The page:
[0009] In some embodiments, the present disclosure describes spacecraft structures including an electric propulsion system, a functional component that is at least partially impacted by an outflow of the electric propulsion system, and a graphene coating upon the functional component. [0010] In some embodiments, the present disclosure describes methods for operating a spacecraft structure incorporating an electric propulsion system. The methods include generating an outflow of energetic paiticles from an electric propulsion system of a spacecraft structure, and at least partially impacting the outflow of energetic particles upon a functional component of the spacecraft structure. The fimctional component has a graphene coating thereon.

[0011] The foregoing has outlined rather broadly the features of the present disclosure in order that the detailed description that follows can be better understood. Additional features and advantages of the disclosure will be described hereinafter. These and other advantages and features will become more apparent from the following description.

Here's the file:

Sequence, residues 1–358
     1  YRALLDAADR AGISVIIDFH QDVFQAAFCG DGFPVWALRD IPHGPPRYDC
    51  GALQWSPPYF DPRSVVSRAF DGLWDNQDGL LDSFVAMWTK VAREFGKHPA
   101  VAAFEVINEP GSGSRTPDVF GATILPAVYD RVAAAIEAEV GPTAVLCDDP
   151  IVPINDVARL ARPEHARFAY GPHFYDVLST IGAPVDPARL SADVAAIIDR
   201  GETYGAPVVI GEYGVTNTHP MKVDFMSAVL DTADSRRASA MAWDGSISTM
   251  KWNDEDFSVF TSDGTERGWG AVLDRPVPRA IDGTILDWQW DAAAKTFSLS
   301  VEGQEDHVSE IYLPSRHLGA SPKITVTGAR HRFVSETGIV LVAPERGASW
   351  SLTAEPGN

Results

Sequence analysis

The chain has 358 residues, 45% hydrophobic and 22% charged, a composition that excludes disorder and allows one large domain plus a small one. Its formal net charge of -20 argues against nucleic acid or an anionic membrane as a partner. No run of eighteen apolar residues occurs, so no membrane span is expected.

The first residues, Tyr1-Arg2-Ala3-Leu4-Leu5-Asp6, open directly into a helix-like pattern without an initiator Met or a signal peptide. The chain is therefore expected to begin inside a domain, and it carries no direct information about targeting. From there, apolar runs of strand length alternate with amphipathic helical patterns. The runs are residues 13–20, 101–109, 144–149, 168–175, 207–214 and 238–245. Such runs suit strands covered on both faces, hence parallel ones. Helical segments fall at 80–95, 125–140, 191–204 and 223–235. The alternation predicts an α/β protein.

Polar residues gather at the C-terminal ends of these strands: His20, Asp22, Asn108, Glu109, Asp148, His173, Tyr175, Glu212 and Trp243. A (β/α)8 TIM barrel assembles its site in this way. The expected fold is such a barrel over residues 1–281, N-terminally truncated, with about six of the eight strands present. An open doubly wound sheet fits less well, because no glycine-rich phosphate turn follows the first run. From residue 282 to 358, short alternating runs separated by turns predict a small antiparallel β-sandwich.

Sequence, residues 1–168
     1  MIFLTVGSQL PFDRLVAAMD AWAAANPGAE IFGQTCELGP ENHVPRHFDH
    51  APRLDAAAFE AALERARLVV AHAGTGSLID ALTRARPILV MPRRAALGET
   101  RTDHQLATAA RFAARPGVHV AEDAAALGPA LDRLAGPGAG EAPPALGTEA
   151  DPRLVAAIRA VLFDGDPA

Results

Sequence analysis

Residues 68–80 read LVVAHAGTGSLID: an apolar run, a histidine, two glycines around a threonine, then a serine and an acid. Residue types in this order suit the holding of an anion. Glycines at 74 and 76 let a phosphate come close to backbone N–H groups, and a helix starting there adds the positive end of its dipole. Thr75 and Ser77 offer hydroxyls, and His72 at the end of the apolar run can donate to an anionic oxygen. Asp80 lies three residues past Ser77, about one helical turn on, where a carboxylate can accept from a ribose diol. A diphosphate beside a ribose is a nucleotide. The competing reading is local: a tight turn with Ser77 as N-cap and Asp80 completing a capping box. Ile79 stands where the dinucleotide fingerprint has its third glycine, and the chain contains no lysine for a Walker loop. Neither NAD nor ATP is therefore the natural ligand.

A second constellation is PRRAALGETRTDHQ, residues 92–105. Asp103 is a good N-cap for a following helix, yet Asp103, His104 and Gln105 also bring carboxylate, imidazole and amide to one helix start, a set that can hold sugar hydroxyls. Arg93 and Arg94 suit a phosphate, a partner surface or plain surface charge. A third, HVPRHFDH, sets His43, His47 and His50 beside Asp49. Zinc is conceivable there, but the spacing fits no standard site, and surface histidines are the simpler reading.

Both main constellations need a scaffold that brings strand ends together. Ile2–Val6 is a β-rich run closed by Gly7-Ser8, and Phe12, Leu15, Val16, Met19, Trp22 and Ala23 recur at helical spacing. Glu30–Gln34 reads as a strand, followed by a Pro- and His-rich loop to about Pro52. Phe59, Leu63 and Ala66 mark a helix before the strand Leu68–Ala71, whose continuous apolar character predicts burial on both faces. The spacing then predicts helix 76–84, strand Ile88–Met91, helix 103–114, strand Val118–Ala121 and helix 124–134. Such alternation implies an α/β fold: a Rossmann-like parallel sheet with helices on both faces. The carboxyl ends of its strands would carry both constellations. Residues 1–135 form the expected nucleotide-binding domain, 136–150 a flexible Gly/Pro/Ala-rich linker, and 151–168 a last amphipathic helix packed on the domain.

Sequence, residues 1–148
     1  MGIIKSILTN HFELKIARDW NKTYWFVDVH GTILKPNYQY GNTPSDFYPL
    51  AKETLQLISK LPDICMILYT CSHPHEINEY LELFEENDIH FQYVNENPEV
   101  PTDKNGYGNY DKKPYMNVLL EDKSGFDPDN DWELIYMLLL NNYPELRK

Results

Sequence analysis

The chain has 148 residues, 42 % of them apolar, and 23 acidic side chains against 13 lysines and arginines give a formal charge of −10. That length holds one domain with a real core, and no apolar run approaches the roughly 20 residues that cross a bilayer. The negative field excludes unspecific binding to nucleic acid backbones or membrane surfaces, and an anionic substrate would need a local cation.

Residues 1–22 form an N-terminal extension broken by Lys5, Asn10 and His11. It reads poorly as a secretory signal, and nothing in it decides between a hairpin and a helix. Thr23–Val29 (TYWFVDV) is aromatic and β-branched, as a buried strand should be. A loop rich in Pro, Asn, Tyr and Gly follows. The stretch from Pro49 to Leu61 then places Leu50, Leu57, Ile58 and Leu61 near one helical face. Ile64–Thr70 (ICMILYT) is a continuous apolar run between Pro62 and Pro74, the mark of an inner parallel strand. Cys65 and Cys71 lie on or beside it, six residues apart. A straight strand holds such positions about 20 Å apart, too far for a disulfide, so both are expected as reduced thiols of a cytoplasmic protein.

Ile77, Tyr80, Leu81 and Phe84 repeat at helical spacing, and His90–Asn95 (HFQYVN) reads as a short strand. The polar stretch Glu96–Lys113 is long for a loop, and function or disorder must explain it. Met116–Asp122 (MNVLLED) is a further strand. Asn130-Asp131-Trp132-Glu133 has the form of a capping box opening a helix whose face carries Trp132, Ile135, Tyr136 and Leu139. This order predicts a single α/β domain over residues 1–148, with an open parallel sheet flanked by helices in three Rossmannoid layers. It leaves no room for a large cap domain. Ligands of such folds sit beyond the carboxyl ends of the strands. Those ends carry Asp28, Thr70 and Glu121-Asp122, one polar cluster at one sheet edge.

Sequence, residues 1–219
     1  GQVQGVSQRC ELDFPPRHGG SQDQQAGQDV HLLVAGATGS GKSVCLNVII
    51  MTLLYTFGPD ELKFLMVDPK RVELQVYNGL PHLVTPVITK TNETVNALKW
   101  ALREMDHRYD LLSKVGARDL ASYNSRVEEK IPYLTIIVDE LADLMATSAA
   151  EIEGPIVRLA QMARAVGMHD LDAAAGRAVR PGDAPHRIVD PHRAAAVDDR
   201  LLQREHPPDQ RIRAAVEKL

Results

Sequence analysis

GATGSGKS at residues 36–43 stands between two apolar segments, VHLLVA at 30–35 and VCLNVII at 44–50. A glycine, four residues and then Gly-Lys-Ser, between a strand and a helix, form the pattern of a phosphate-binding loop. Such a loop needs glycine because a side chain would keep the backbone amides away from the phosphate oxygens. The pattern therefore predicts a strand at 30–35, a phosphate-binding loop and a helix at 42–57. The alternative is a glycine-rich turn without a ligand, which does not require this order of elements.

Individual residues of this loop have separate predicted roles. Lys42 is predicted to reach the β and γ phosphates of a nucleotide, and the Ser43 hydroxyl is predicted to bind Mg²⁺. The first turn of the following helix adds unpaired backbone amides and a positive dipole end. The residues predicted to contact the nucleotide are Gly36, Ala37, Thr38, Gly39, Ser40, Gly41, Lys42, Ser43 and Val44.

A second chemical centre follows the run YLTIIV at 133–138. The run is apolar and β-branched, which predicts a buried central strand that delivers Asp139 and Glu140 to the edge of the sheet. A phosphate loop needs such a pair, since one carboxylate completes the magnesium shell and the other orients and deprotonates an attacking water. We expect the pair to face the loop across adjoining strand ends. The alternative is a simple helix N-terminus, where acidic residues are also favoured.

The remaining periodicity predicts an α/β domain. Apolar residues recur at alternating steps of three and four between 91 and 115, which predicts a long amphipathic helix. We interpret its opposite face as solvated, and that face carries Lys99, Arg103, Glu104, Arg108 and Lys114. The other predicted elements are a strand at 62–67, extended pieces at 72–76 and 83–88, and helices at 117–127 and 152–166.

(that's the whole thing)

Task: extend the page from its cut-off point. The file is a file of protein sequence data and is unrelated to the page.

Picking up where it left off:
BRIEF DESCRIPTION OF THE DRAWINGS

[0012] For a more complete understanding of the present disclosure, and the advantages thereof, reference is now made to the following descriptions to be taken in conjunction with the accompanying drawings describing specific embodiments of the disclosure, wherein:

[0013] FIGURE 1 shows an illustrative schematic of a spacecraft structure incorporating an electric propulsion system and a functional component having a graphene coating thereon; and

[0014] FIGURE 2 shows a comparative Raman spectrum of graphene on an ITO- coated glass slide, both pre- and post-exposure to high- energy Xe ions.

DETAILED DESCRIPTION

[0015] The present disclosure is directed, in part, to spacecraft structures including a graphene coating upon a functional component thereof Wifliout limitation, the graphene coating can provide electrostatic discharge protection and resistance to sputtering- induced losses from the surface of the spacecraft structure. The present disclosure is also directed, in part, to methods for operating an electric propulsion system of a spacecraft structure, in which a functional component of the spacecraft structure is present with a graphene coating thereon,